As it stands, there is no official instruction manual for managing motherhood. But Heather Armstrong's Dooce.com makes for a compelling substitute.
What started as a personal pop culture blog 10 years ago has quickly gained traction within the blogosphere, thanks to Armstrong's candid disclosure of her daily life. The 36-year-old has found colossal success as a mom blogger---a somewhat controversial term that many blame her for coining. Today she finds herself in a world where a single post is read by millions, her site gets 100,000 hits each day, more than 1.5 million people follow her on Twitter and she was listed by Forbes as one of the Most Influential Women in Media.
But the road that led to such rampant success was hardly easy, nor was the road leading from there to present day. As Dooce.com humorously concedes time and time again, life---though full of beauty and happiness---is one heck of a ride. And Armstrong has a knack for capturing it with a dash of wit, humor and vulnerability.
In October 2005, Dooce.com became a professional family endeavor. Armstrong's husband, Jon, handles the business and advertising components of the site, while Armstrong heads the creative product.
"I think it's a unique situation, and I'm not sure that everyone could do this," Armstrong said. "But he and I are well suited to each other in this way. It may have taken us a couple of months to get our groove, but other than that, it's been pretty smooth sailing."
Now Armstrong works an arm's length from her husband, running the business out of their home. Though a luxurious notion, it takes quite a bit of effort to adequately set boundaries between professional and personal time. Armstrong has a literal divide between her loft office and the rest of her home. When she needs to make the commute to work, she simply walks upstairs and closes the door. Likewise, when she is done for the day, she leaves the office and refrains from returning until morning. She is always sure to put time with her husband and children first.
"A lot of people say it's a hard routine to manage, but if you stick to just those couple of rules, a lot of stuff sort of falls into place," she said.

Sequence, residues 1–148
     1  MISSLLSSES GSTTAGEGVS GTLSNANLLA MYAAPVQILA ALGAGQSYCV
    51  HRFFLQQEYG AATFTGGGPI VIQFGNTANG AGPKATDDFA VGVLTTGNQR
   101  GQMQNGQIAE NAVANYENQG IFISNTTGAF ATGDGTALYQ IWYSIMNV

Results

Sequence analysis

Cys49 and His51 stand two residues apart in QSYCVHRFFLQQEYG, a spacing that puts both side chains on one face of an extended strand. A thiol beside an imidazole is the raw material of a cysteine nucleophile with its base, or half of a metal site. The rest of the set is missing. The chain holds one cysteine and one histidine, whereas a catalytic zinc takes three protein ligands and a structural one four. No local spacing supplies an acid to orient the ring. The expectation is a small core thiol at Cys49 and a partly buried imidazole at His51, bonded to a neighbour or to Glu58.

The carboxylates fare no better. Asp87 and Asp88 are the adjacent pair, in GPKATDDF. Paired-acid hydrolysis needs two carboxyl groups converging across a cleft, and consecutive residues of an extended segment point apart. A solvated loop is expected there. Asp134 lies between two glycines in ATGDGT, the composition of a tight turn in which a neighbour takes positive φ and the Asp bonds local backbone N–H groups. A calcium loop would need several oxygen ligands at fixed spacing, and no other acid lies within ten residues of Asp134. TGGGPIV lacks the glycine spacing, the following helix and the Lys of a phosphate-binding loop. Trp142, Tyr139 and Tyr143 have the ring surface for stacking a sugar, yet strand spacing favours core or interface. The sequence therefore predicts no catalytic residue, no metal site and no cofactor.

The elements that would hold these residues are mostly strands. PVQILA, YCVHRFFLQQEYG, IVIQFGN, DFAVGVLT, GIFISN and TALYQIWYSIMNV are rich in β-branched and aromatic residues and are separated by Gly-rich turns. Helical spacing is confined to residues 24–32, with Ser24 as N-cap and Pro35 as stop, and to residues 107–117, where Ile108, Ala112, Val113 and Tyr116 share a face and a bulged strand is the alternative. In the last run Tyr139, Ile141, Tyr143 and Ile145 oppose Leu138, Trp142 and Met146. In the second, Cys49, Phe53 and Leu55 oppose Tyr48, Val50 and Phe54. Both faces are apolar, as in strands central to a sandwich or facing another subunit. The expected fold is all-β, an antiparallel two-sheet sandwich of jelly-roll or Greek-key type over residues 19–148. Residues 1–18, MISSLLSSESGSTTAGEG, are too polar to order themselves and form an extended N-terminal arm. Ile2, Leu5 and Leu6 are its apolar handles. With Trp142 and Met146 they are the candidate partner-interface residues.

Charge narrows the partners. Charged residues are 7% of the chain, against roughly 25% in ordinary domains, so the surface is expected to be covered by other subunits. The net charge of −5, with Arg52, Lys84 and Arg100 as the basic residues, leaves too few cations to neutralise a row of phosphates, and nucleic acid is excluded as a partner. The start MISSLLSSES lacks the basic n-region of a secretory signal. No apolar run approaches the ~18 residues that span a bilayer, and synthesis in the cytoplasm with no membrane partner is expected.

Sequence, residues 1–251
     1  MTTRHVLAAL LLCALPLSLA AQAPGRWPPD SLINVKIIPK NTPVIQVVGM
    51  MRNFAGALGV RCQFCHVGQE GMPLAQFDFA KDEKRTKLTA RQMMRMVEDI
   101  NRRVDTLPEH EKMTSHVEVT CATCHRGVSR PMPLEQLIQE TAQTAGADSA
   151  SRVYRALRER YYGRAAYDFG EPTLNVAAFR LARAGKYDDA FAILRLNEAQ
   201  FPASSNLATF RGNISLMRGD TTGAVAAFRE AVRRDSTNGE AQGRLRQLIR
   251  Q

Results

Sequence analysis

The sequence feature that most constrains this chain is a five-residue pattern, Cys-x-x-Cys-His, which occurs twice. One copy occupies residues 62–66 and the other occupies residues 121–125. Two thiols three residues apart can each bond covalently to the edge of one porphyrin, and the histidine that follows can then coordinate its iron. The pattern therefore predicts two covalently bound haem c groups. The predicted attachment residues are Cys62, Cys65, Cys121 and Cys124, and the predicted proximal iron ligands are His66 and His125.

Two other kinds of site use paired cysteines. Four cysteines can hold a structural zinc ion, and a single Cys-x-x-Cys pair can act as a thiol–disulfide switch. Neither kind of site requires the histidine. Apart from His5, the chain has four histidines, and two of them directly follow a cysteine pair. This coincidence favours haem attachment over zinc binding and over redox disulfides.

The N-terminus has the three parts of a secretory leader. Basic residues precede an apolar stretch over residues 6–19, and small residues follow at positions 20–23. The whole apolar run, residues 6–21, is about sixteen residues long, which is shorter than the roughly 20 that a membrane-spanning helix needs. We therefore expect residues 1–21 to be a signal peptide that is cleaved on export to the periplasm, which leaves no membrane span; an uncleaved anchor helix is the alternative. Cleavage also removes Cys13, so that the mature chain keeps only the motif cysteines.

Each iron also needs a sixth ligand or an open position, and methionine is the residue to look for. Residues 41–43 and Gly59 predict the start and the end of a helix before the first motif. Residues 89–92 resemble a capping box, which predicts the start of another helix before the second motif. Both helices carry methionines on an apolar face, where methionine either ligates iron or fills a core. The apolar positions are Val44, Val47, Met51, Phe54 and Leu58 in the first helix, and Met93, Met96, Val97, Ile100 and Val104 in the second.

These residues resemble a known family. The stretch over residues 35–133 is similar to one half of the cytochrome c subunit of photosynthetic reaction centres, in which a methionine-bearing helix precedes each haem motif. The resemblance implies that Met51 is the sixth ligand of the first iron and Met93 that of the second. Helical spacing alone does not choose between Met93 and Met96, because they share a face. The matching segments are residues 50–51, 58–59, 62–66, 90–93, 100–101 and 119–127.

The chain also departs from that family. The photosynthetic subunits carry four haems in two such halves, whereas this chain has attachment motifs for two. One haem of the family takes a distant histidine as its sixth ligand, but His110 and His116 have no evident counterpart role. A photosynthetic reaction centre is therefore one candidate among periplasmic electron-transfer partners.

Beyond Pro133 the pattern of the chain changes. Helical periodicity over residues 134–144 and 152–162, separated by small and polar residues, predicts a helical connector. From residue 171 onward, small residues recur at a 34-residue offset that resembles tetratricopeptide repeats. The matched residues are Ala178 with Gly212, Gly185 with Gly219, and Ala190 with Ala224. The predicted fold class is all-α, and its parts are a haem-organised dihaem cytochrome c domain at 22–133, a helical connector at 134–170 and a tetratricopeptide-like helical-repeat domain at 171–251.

This is somewhat of a modest claim. If following the rules brought everyone fame and success, we would all be the world's next rising star. But it is Armstrong's work ethic and passion for her site that sets her apart from the rest. She has seen Dooce.com through unemployment, living in her mother's basement and her struggle with postpartum depression. Not to mention her marriage to Jon, giving birth to her two children, an invitation to the White House, two book deals and her present reign as Queen of the Mommy Bloggers, a title given to her by the New York Times magazine earlier this year.
Armstrong credits her mother---whom she fondly describes as loving---for instilling such work ethic and passion within her.
"I get my ambition, and my drive, and my desire to see things work well from her," Armstrong said. "I think that she saw that in me as a direct DNA passing."
It was under her mother that Armstrong was raised a Mormon. However, upon graduating with an English degree from Brigham Young University, Armstrong decided to leave the church. She says the one useful skill she learned as an undergrad was how to distrust organized religion. The familial schism that developed as a result of that departure has since mended, but Armstrong's stance on the Church has remained unchanged.
Despite her current views towards religion, Armstrong upholds one practice from her Mormon upbringing: Journaling. Upon purging her life of Mormonism, she found she still loved recording her thoughts, feelings and day-to-day routines. It is through writing Armstrong often best expresses her emotions, she said.
"They encouraged us to sort of keep our wit in history, which I think has definitely carried over into my blogging," Armstrong said. "I missed that sort of sitting down and jotting down my thoughts."